Your journey in OSS doesn't have to be the same. In fact, there are several ways one can get involved, contribute and add value. First, you need to find a language and project you're passionate about. The easiest way to find a project you can work on is through public repos, such as Github. Search for the language you like and find a project of interest. Another option is the Up-For-Grabs.net website that contains a list of projects that have issues that need attention and are open to the community.. If you're not comfortable with writing code, maybe you can contribute with documentation. There are thousands of projects that lack good documentation and some of them have none at all. Alternatively, you could contribute by writing unit tests. As with documentation, you'll find lots of projects that are in dire need of unit tests. Apparently there are still people that don't write tests? Shocked? Don't be! Once you overcome your initial "fear" and you feel brave enough, start forking and write some code. When you're done and you believe that your work is ready to be part of the original project you can send a Pull Request (PR), sit back and enjoy.
I believe that Git is the biggest barrier in getting started with Open Source. The workflow is sometimes daunting to new users so you need to have a good grasp of terms like:
Pull Request Merging Rebasing Cherry Picking etc
Github provides a good, solid GUI but eventually you’ll have to drop down to the command line. There’s plenty of written material and tutorials out there that can help you become a Git ninja!
There is an etiquette for contributing, so make sure you read each project's contribution requirements first. Before you go ahead and code your awesome bug fix or feature, ensure that there isn't an open issue already. Contact the project owner to let them know that you wish to help. Inform them of your intentions and this will give your PR better chances in being accepted right away. Also, try not to change coding standards or use automated tools to suppress errors, white space or remove/add comments. It's important you follow the coding standards of the project even if you don't agree with them. You can certainly discuss them with the project owners but I can guarantee you're going to fail if you go ahead and be brave. No matter what happens, don't be discouraged if your PR is not accepted. Find out why and work harder to fix it accordingly before re-submitting.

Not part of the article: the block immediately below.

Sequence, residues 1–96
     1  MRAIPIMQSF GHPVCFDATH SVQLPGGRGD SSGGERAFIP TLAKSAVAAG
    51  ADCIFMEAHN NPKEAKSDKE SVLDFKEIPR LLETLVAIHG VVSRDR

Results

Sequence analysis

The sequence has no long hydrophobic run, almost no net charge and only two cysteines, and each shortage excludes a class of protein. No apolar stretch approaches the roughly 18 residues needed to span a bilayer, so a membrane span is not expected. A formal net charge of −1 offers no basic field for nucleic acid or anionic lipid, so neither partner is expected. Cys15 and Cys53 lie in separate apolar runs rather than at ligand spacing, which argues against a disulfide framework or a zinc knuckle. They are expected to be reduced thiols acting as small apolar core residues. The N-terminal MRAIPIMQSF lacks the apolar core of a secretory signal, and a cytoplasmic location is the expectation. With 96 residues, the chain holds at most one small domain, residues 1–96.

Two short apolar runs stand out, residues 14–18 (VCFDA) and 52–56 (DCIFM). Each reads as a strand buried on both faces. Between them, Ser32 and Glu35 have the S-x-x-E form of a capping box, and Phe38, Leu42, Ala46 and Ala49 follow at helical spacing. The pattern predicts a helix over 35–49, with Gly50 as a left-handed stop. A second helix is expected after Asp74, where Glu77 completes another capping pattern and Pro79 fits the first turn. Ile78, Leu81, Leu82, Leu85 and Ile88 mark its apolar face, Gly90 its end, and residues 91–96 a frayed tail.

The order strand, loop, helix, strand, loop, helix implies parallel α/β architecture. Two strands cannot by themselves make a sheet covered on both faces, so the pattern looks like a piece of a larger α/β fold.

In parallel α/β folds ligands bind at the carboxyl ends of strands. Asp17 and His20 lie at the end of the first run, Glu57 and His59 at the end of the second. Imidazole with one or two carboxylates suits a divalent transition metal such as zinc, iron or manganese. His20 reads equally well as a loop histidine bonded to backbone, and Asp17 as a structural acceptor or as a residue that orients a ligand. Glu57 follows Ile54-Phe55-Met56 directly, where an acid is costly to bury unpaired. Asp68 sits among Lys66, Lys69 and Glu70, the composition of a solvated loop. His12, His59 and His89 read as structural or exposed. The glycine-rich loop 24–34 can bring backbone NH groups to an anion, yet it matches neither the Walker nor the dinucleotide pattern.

To begin with, I would advise against you creating software for the sake of writing software. If you want your project to succeed, make it useful, make it meaningful and be passionate about it. Also, some of the most successful OSS projects started as someone's library (Automapper for example, has over 4M downloads and Underscore.js 8.3M downloads only last month!). Both these projects begun their lives as someone's utility and once the developers recognized the value, they shared their code.
If you've decided to create your first OSS then we, the community, would like to thank you for your awesome, awesome, effort. You don't get paid, yet you choose to create something and share it with us. You rock! It is at this point that I would like to stress out that the OSS community owes you, not the other way around. If you feel that you’re getting abuse for no reason or things are not working out, then don’t worry about it. Do’t feel guilty. Eventually someone will come along and pick up the project.
OSS is awesome and it's what makes to development world go round. OSS is consumed everywhere and even large corporations, who once stood against OSS, are starting to not only support but actively contribute. Because we all want to make better software for everyone. We live through some really exciting times and I, for one, am thrilled to be part of this community, at this time. Note that we always need more contributors to help out with the load, so I would urge you to go out there today and share your knowledge and passion with the rest of us. Find a project that you love, use or hate and make it better :)
How to become an awesome Open Source contributor
Becoming an awesome Open
What is Open Source
Open source software is software whose
source code is available for modification or
enhancement by anyone.
Open-source software (OSS) is computer
software with its source code made available
with a license in which the copyright holder
provides the rights to study, change, and
distribute the software to anyone and for any